The American Museum Of Natural History

1907 Pleistocene of Alaska

The expedition was undertaken by L.S. Quackenbush, accompied by Mr. Grant. They collected a number of mammoth and bison bones, at various places along the Buckland river, also one terminal phalanx of a horse, half of a skull of a small bear, part of the skull of an Ovis, and the back of the skull, with horn cores, of Scaphoceros tyrelli. In Nome, Alaska the team found a few mammoth tusks and teeth, and a very large pair of bison horn core with the horns still on and in fair condition. Quackenbush recanted a number of tales of mastodons, including this one in his letter to Prof. Osborn. "In the winter of 1899 he [E.W. Graham] was looking at a magazine which contained the illustration of an elephant. And Indian who was with Graham saw the picture and told Graham he knew where there was one of these animals frozen in the ice. Toward spring the Indian took Graham to the spot and showed him a large dark mass in clear blue ice which, the Indian said, was a large animal which ad been partly exposed several years before, and was covered with very long hair. At the time Graham was there no part of the animal was exposed and Graham frankly admits that he can not [sic] state definitely that the dark object was not a large rock, though he says [it appeared] to be a "mastodon" in a sitting position. Graham says the Indian was perfectly reliable and believes he was telling a straight story. Graham is busy taking care of mining claims, fifty miles from here, and refused to accompany me, under any consideration, to the spot, which is 300 miles or more up the Koynkuk River. No one else knows the place and it is now too late in the season to go up there, and have any time to hunt for it, on such indefinite information as Graham gave me. I have telephoned to Mr. Grant, who is now in the Kougarok, and he agrees with me that I can use my time to the best advantage in examining Eschsecholtz Bay and Buckland River."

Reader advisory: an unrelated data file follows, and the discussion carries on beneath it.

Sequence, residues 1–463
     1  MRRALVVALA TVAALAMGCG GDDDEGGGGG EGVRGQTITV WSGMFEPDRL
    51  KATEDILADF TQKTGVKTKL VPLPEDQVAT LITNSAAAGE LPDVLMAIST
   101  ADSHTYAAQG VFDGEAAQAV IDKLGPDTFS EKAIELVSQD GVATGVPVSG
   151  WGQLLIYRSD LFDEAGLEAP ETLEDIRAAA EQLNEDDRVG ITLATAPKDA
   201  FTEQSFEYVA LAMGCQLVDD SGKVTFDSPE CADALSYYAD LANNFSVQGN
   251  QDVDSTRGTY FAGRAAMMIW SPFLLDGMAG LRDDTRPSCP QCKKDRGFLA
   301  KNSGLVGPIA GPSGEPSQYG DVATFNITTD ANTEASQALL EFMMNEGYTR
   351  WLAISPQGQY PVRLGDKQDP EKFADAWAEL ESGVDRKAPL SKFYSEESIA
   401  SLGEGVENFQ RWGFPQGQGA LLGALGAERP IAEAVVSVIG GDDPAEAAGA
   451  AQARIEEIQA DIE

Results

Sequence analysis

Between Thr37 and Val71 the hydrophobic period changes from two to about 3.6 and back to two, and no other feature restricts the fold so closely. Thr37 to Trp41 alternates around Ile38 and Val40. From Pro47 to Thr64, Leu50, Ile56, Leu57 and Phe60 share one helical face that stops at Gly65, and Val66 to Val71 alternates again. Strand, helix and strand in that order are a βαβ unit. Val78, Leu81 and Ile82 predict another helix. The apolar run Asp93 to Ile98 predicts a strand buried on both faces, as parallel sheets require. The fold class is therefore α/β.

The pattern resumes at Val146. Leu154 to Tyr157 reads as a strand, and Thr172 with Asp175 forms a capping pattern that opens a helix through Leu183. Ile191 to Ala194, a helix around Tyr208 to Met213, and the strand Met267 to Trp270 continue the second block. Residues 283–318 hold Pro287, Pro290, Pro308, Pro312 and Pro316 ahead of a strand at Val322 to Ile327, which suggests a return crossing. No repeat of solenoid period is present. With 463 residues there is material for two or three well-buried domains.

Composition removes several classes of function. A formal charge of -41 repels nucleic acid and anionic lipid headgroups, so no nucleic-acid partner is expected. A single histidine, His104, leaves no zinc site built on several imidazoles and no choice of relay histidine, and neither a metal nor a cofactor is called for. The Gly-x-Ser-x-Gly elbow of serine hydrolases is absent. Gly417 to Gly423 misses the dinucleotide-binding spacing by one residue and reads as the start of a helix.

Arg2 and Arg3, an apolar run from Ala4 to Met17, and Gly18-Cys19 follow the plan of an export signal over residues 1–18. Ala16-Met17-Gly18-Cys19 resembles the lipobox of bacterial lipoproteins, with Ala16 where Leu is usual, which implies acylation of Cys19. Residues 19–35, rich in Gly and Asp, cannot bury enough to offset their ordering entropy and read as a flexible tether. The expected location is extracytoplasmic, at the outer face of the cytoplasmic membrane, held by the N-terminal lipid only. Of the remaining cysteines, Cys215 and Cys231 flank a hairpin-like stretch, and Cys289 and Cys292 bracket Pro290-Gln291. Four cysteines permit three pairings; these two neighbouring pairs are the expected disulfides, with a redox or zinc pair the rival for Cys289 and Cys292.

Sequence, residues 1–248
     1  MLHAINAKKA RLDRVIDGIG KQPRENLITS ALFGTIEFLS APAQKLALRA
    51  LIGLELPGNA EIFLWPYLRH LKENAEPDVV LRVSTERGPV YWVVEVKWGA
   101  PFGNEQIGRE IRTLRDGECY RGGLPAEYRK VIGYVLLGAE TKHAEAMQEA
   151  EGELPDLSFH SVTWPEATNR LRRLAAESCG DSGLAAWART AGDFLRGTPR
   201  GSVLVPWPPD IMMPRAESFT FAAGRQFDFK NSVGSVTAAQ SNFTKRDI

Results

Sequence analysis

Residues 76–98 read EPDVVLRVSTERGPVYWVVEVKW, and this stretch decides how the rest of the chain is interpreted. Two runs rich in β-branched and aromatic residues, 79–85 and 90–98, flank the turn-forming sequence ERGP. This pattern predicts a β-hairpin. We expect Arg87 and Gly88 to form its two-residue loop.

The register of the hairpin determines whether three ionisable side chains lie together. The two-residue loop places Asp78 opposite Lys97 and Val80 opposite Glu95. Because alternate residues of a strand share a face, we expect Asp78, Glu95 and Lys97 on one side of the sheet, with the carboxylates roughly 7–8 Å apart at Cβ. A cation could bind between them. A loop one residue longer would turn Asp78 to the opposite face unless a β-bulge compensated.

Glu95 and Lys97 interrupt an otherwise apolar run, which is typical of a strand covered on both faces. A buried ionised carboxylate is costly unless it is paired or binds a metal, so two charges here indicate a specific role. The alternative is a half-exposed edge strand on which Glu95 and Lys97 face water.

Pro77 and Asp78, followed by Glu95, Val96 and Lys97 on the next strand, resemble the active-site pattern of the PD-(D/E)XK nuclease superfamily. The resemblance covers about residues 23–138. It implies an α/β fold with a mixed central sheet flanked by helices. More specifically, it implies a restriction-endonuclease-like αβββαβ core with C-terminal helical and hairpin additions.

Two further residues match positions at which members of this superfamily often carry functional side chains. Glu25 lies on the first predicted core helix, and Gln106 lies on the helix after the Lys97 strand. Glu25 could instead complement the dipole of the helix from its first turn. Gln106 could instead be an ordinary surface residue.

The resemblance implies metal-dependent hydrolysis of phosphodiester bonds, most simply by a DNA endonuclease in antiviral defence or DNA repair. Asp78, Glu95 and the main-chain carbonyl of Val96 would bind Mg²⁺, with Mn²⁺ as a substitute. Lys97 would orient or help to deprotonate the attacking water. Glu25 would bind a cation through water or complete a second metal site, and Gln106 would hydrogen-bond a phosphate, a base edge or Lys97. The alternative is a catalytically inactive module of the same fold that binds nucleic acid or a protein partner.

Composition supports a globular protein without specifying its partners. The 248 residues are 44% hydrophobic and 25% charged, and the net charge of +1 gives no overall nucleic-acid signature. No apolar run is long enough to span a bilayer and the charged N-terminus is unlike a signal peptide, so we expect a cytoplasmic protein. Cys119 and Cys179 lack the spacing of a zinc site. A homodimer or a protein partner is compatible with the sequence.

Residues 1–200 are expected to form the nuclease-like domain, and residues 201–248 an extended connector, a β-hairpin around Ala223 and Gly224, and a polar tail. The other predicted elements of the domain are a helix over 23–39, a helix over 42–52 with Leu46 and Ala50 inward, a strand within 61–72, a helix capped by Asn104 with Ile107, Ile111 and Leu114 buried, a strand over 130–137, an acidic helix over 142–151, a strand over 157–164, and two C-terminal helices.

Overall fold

See also 1907 Annual Report

Field Letters